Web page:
“As a professional dog trainer and breeder, I’ve worked with hundreds of dogs which has allowed me to develop a deep understanding of how dogs think and function,” said Dwyer in a statement. “Through my profession, I’ve discovered a need for products to ensure canines’ health and wellness, and it’s our mission to provide great products to make good boys even better.”

Brad Madrid and Bobby Dwyer have launched Fido, a new e-commerce pet wellness brand. Photo courtesy of Fido

Madrid and Dwyer aren’t just business partners but also brothers-in-law. Bringing science to Fido, Madrid boasts a background in pharmaceuticals, while Dwyer brings canine know-how with his experience as a dog trainer.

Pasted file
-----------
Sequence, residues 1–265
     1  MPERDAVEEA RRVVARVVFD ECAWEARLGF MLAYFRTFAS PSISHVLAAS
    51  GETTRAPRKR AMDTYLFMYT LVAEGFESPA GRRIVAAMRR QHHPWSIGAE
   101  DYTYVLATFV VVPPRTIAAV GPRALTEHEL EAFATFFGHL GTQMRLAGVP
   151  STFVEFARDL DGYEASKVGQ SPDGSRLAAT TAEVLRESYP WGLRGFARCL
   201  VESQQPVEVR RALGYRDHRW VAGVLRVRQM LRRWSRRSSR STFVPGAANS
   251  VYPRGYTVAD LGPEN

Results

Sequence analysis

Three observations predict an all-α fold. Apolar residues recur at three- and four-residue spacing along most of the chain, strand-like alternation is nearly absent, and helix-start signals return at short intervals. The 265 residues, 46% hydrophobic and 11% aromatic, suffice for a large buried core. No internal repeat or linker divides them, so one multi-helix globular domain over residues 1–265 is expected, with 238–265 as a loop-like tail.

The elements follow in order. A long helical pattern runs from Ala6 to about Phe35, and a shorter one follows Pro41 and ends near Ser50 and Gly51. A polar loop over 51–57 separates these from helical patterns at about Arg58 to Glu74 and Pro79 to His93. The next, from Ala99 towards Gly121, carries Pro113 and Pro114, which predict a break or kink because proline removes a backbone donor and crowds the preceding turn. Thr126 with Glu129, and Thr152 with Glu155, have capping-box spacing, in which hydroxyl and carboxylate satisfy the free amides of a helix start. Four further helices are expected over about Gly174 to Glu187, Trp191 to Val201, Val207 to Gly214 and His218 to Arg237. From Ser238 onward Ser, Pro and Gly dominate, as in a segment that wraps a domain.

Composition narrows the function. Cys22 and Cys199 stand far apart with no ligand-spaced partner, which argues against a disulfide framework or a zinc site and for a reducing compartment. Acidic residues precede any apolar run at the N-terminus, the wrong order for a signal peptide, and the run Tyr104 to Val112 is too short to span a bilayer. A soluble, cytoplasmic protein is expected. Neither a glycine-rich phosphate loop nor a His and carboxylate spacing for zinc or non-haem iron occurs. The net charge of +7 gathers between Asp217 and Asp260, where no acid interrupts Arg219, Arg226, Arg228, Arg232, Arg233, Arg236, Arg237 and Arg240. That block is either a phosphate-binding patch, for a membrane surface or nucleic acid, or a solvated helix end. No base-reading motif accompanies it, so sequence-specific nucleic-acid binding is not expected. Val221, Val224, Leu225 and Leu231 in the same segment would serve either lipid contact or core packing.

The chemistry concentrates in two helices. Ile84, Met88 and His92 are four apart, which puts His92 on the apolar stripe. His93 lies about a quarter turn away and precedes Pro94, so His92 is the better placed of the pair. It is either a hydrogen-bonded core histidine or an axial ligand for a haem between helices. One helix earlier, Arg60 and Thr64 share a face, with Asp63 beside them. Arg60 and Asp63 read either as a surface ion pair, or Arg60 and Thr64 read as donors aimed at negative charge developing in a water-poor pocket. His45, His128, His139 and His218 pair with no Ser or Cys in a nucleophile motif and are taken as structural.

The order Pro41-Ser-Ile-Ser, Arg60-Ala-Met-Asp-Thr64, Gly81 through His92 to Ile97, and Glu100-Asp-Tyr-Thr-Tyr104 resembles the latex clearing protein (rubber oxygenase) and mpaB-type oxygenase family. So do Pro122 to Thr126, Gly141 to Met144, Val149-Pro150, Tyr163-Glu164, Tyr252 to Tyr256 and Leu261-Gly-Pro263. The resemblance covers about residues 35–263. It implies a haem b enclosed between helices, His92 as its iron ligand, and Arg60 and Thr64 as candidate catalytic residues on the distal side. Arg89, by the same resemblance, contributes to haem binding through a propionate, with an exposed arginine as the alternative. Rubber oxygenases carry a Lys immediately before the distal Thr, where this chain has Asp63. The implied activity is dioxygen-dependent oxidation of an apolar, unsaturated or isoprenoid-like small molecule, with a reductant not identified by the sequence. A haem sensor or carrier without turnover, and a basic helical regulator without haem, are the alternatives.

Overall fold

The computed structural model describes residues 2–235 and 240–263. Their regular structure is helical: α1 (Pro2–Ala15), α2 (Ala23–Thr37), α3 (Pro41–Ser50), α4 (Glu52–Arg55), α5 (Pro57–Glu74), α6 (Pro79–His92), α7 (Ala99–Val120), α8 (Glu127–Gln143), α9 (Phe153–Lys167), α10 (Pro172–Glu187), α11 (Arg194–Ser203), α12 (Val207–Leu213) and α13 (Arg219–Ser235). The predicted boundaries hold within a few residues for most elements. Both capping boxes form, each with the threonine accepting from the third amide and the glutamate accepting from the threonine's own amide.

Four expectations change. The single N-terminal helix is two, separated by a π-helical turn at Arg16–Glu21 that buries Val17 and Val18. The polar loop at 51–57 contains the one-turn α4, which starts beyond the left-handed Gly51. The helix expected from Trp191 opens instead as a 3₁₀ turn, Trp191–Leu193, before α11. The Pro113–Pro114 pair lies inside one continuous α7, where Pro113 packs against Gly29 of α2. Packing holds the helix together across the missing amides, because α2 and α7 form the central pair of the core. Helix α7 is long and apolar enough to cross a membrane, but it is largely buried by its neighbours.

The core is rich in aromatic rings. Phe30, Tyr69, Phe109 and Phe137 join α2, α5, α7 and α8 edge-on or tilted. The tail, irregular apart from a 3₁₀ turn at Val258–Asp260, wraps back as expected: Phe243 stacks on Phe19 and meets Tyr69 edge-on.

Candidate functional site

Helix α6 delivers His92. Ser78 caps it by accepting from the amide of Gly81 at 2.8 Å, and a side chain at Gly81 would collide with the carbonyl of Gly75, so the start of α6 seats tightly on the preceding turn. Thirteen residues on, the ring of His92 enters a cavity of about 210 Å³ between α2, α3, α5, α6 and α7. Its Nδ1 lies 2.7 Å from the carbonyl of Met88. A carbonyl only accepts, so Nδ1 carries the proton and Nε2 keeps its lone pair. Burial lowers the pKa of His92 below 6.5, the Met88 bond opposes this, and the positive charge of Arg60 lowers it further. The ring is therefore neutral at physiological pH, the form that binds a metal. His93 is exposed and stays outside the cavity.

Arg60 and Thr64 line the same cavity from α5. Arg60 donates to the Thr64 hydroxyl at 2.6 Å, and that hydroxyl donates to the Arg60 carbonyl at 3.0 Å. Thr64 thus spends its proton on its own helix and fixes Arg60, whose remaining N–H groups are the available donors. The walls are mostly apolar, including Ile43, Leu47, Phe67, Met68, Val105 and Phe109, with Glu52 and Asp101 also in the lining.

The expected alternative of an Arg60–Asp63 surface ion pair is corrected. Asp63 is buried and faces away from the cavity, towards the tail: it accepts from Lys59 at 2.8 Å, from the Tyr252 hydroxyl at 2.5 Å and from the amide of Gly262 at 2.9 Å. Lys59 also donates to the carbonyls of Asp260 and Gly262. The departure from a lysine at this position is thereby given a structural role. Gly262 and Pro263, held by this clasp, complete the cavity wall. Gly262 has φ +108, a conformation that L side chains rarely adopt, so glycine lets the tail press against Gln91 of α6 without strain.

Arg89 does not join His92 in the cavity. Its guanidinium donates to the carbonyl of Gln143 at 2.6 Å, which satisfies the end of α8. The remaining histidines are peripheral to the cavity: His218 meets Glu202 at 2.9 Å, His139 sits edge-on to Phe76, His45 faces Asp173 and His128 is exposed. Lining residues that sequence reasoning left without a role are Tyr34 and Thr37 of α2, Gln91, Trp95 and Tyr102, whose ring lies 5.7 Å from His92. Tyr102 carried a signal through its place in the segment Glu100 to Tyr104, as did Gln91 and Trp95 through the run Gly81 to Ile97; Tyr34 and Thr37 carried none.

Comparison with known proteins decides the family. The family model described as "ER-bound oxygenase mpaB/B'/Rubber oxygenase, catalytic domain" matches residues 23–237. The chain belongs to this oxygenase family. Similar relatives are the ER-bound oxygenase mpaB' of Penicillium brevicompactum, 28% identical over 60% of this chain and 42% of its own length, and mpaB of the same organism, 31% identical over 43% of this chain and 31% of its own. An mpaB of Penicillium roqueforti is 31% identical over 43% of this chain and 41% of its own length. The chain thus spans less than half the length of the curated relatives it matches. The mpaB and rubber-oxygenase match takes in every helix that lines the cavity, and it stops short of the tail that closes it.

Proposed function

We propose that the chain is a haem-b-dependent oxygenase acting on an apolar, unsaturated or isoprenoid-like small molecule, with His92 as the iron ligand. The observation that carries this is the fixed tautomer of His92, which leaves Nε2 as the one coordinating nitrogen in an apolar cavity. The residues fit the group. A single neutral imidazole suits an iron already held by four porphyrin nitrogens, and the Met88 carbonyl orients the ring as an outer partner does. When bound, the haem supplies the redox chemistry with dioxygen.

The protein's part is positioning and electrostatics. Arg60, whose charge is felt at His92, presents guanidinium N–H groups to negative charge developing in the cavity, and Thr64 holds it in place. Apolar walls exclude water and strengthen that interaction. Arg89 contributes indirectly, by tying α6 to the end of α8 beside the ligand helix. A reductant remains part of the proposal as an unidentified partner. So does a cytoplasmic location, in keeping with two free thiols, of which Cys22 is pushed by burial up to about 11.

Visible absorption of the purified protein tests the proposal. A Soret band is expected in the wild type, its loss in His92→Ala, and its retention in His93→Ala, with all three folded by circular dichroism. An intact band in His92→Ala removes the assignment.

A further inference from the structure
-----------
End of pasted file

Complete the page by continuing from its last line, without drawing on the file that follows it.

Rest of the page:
Both hope to see their business grow by leaps and bounds. Products are available for purchase on the website and shipping is available nationwide. Plans for products to be sold in local pet stores, as with international shipping available in the future.

If current data is any indication, Madrid and Dwyer are in the right business. A survey of 2,000 dog and cat owners found that 52 percent of respondents said they spend more money on their pets than they do on themselves each year, per GoBankingRates.

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This article originally ran on CultureMap.